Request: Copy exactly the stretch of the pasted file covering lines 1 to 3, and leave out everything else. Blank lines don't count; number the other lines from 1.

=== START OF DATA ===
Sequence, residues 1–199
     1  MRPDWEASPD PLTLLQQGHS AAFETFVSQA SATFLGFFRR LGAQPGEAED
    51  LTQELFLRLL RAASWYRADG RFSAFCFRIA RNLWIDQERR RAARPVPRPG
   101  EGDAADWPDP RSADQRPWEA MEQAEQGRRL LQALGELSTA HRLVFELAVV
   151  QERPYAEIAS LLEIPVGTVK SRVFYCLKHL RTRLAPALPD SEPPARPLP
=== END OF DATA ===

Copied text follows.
Sequence, residues 1–199
     1  MRPDWEASPD PLTLLQQGHS AAFETFVSQA SATFLGFFRR LGAQPGEAED
    51  LTQELFLRLL RAASWYRADG RFSAFCFRIA RNLWIDQERR RAARPVPRPG